Wings Magazine

UBC study on palatable carbon pricing for air travellers

October 7, 2019  By Wings Staff

The mean preference for flights carrying a $14.00 carbon fee within each condition in Study 1. Error bars indicate 95% confidence intervals. (Chart: Journal of Environmental Psychology)

A new study from the Sauder School of Business at the University of British Columbia finds that air travellers are willing to pay a little more for flights if they know the extra money will be used to address carbon emissions. The study looks at consumer reactions to “upstream” versus “downstream” carbon pricing; how “upstream offsets” are uniquely preferred over other pricing methods such as “downstream taxes”; and perceived environmental impact and accountability by consumers.

How fees are presented at the time of ticket purchase is the key to consumer acceptance, according to the UBC study, which notes people respond better when the fee is labeled as a carbon offset rather than a tax. The study also notes people respond better if they know the producers and importers of airplane fuel have been billed for it — not just themselves.

“People have the perception that the oil companies are the ones responsible for climate change, or at least more responsible than they are,” said study co-author David Hardisty, an assistant professor of marketing and behavioural science at the UBC Sauder School of Business. “Consumers are more supportive of carbon pricing if it’s directed at the fossil fuel producers and importers than if it’s directed at consumers.”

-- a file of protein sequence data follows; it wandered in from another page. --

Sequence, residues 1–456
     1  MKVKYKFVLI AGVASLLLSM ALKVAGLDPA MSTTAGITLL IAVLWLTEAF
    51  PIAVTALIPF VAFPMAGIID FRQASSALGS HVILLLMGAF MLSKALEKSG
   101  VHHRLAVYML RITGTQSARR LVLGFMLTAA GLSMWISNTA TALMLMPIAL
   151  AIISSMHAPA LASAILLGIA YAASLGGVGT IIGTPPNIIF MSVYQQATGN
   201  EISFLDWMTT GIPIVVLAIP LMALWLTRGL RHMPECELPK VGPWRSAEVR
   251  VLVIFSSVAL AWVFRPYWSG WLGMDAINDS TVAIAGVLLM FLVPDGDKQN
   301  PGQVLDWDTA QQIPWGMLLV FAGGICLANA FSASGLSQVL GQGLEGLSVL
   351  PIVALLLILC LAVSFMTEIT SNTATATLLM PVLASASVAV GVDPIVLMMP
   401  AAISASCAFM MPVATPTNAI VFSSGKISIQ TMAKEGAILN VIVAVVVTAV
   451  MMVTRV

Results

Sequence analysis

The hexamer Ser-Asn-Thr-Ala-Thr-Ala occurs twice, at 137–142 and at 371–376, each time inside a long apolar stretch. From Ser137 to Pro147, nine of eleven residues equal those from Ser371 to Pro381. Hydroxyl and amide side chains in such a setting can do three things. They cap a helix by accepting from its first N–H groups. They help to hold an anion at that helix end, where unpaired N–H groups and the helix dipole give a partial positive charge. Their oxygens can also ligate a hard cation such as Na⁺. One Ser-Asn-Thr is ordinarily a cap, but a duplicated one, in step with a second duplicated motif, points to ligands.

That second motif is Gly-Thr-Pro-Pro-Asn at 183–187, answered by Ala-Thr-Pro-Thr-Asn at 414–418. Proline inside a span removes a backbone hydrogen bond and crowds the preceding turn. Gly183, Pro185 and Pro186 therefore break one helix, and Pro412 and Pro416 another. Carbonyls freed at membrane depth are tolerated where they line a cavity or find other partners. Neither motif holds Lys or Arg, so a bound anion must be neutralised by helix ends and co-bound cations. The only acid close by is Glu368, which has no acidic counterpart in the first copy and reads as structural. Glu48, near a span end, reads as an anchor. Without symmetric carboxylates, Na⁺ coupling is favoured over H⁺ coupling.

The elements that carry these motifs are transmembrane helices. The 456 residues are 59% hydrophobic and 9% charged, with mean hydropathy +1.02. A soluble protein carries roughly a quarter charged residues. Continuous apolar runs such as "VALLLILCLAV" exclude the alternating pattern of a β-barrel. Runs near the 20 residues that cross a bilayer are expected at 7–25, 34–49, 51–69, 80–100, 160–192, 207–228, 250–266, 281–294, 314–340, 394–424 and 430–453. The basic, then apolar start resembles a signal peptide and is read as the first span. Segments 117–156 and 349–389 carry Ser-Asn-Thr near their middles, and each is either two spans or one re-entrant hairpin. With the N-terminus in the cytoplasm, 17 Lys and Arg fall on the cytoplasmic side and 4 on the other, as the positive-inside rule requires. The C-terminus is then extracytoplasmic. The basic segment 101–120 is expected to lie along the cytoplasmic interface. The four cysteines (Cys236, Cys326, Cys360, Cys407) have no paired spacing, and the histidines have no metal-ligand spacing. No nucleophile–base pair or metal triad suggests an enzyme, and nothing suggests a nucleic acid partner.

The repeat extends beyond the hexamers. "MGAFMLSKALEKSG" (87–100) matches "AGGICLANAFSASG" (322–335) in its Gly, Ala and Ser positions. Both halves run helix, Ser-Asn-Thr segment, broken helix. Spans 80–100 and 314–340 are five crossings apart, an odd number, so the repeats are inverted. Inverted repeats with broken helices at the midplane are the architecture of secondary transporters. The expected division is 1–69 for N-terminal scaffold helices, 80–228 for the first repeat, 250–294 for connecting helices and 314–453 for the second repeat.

The findings from the UBC study were recently published in the Journal of Environmental Psychology. Its authors note it suggests a path forward for the global airline industry as a significant and growing source of carbon emissions. In the absence of policy changes, the authors explain emissions from air travel are on track to triple over the coming decades, which can be mitigated by carbon offsets – fees paid by polluters which are then redirected toward projects that reduce emissions elsewhere in the world.


The study’s authors wanted to find out if the airline industry’s negative impact on the environment could be partly addressed by routinely packaging carbon offsets along with the cost of tickets.

The study, conducted in partnership with the Environmental Defense Fund, consisted of two separate online surveys of more than 1,800 U.S. participants. “We wanted to gauge consumers’ reaction to a $14 carbon fee that was presented to them in several different ways at the time of a hypothetical ticket purchase,” said study co-author Alec Beall, a postdoctoral researcher in UBC’s psychology department. “The dollar amount of the charge was the same, but it was described as either a ‘carbon offset’ or a ‘tax,’ for either ‘aviation fuel production and import’ or ‘airplane travel.’”

The study found that words mattered as consumers were consistently more likely to choose a flight that included a carbon price when it was described as a “carbon offset for aviation fuel production and import” instead of a “carbon tax for airplane travel.” The authors explain that consumers even chose more expensive tickets with a fee described this way over cheaper tickets that had no extra $14 fee attached at all.

“Taxes feel like you’re charging people money for nothing,” said Hardisty. “Whereas an offset is the idea that, ‘Sure we’re paying, but we kind of have an idea where that payment is going, to make the environment better,’ which is what people want.”

Read more about the study at the Journal of Environmental Psychology.


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